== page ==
New Case-Shiller report highlights further proof of slowing home price gains

A maelstrom of headwinds continue to dent residential homes values, as evidenced by the newest S&P CoreLogic Case-Shiller Indices home price report.

Per the report, U.S. home price gains declined to 10.6% annually in September, down from 12.9% in August. September’s annualized increase is the lowest since December 2020 and marked the sixth consecutive month of slowing yearly gains.

“As has been the case for the past several months, our September 2022 report reflects short-term declines and medium-term deceleration in housing prices across the U.S.,” said Craig J. Lazzara, managing director at S&P DJI.

Prices are being hurt from two sides: still-increasing mortgage capital costs along with a waiting game for declining prices that are keeping buyers on the sidelines. Sellers, meanwhile, are reluctant to list their current residences and buy new homes at significantly higher rates than their current mortgages.

“As the Federal Reserve continues to move interest rates higher, mortgage financing continues to be more expensive and housing becomes less affordable,” Lazzara said. “Given the continuing prospects for a challenging macroeconomic environment, home prices may well continue to weaken.”

The 10-city composite subindex, which tracks price growth in the country’s largest cities, registered a 9.7% annual gain in September, down from 12.1% the month prior. The 20-city composite index posted a 10.4% annual gain, down from 13.1% in the previous month. Both subindices have fallen substantially from their April 2022 peaks (19.8% for the 10-city index and 21.3% for the 20-city index).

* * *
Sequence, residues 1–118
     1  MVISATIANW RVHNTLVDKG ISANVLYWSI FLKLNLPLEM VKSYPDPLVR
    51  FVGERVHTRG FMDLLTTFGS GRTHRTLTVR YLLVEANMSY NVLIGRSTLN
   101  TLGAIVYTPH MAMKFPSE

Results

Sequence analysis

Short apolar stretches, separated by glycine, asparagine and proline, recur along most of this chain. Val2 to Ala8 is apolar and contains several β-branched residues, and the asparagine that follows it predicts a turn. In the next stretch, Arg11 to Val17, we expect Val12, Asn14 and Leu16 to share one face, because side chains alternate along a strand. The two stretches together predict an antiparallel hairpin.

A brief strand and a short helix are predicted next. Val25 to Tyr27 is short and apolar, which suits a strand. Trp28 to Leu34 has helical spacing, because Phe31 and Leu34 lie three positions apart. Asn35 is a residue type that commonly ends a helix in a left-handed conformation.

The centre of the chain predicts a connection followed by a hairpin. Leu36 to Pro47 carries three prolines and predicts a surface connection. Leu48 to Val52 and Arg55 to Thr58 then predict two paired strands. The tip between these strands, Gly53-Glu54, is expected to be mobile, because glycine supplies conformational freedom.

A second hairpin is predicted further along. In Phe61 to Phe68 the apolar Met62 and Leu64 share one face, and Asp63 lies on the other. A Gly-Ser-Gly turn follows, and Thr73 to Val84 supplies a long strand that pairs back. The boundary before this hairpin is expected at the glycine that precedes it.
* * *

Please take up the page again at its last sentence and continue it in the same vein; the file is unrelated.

“While the overall trend of stronger price gains in smaller markets continues to drive the 20-city index’s growth, slowing appreciation was slightly more evident in the 20-city index, as those areas tend to include more affordable markets that are being hit harder by declining buyer purchasing power,” wrote Selma Hepp, interim lead of CoreLogic’s office of the chief economist, on the company’s blog.

The cities with the strongest annualized gains in August saw repeat performances in September, topped by a 24.6% year-over-year jump in Miami. Tampa (up 23.8% annually), Charlotte (17.8%) and Atlanta (17.1%) turned in similarly strong growth, helping the Southeast (20.8%) turn in the highest yearly gain among all regions.


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